Americans tightening belts
More consumers are trimming spending and debt because their net worth has fallen fast.
The dramatic changes in the US financial system – the debt write-downs and consolidation of corporate balance sheets – are now mirrored at kitchen tables around the United States.Skip to next paragraph
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Households are cutting spending, paying down debt, and rebuilding their personal balance sheets. The belt-tightening may have been spurred by two years of falling home values followed by surging energy and food prices, but the effect could be longer lasting.
Americans are now trying to live within their incomes. If they succeed, it would boost the anemic US savings rate and signal a shift in the way Americans view their finances.
"As the US economy boomed, people thought of credit as savings," says Dennis Jacobe, Washington-based chief economist at the Gallup Organization. "They saw it as something they could fall back on.... Now a lot of people are finding out they do not have the money they felt they had."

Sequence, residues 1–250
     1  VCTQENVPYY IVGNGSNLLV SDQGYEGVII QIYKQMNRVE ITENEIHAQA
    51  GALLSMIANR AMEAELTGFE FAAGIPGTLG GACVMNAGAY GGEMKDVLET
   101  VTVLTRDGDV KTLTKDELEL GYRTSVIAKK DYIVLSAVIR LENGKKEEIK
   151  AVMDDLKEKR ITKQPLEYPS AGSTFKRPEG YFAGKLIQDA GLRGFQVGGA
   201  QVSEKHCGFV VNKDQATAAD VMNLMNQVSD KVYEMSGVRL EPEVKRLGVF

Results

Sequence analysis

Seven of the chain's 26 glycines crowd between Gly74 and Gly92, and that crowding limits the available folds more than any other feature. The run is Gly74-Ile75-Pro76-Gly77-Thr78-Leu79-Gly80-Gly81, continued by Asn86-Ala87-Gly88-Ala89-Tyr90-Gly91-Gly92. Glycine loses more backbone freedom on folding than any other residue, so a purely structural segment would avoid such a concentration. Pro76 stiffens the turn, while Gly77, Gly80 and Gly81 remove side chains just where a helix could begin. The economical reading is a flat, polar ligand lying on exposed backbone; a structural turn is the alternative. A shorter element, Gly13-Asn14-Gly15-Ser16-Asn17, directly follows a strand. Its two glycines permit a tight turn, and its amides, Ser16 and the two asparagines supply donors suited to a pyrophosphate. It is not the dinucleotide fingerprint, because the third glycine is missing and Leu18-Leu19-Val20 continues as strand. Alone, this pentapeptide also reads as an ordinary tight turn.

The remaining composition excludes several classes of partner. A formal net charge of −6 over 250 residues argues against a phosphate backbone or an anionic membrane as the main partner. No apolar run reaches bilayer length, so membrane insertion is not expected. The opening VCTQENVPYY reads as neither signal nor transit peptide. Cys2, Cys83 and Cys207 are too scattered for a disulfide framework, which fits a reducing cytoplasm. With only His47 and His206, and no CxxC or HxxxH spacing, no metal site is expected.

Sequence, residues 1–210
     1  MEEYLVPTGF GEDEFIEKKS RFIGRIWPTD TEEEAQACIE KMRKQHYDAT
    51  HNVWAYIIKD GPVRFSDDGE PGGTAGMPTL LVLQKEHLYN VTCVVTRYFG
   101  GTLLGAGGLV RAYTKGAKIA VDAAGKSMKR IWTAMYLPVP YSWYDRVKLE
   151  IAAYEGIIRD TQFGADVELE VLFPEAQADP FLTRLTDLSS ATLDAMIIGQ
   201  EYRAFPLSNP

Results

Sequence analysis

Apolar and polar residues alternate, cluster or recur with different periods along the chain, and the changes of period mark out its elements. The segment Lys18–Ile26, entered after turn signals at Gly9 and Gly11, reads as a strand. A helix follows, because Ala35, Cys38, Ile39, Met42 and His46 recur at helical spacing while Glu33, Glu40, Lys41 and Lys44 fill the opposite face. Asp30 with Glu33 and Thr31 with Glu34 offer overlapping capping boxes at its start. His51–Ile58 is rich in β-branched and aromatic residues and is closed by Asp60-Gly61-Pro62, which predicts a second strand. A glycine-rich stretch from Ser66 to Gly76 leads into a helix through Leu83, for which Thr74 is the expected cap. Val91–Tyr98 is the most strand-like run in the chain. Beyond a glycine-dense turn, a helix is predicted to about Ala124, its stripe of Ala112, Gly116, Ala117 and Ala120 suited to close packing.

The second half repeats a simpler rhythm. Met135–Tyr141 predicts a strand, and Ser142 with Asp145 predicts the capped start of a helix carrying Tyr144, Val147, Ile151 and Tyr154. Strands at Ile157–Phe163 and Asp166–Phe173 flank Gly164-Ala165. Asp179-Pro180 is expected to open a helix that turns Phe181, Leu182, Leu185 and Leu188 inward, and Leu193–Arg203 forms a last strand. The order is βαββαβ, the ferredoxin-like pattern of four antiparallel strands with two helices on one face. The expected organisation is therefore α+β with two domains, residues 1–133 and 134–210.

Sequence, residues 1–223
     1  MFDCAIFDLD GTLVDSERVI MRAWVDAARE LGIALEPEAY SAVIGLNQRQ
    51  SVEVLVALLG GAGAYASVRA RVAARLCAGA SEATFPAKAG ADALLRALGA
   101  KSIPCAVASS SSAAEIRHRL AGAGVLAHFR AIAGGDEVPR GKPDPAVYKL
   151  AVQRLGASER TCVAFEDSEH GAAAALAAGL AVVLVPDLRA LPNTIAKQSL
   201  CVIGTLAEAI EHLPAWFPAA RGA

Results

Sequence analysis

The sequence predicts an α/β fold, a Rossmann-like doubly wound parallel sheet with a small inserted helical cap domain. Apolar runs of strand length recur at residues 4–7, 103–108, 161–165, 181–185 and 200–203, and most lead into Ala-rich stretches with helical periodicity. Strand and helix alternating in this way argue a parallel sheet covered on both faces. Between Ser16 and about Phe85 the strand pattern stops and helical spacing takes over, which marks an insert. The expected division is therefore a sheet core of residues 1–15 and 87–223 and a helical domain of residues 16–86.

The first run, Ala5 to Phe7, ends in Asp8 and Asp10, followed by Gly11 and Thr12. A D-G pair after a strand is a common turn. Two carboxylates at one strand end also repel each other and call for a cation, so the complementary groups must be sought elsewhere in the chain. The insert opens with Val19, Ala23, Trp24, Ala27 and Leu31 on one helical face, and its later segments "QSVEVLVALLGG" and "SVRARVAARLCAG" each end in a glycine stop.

One indication of this new world: On Tuesday, Federal Reserve data showed that consumer credit contracted 3.7 percent in August, the first drop in 10 years.
For many Americans, the belt-tightening began when the price of gasoline surged past $3 a gallon 1-1/2 years ago.
The last time Lisa Blount filled up her Audi, she spent $80. "That will barely last me a week," says the Winter Springs, Fla., resident. So she's cut her fuel bill by cycling to work – a 25-mile commute – two to three times a week.
Now, a wider swath of Americans is considering cutting back because their net worth is suddenly falling at a fast pace. Since last October, household net worth has fallen more than $6 trillion, estimates Mark Zandi of Moody's Economy.com. That calculates to roughly $55,000 per household.
"It's now affecting higher-income, wealthier households who will rein in their spending because they feel they are worth less and will be worth less for a long time to come," says Mr. Zandi.
Larger effect of falling net worth
Economists have long struggled with the fine art of estimating how people's rising or falling net worth affects the economy. But as a rule of thumb, Zandi says, figure that every dollar decline of someone's net worth reduces spending by 5 cents over a two-year period.
Since consumer spending represents a significant part of the economy, any reduction in spending will reduce the US gross domestic product (GDP). In fact, the decline in household net worth will shave 1 percent off the GDP in the coming year," Zandi estimates.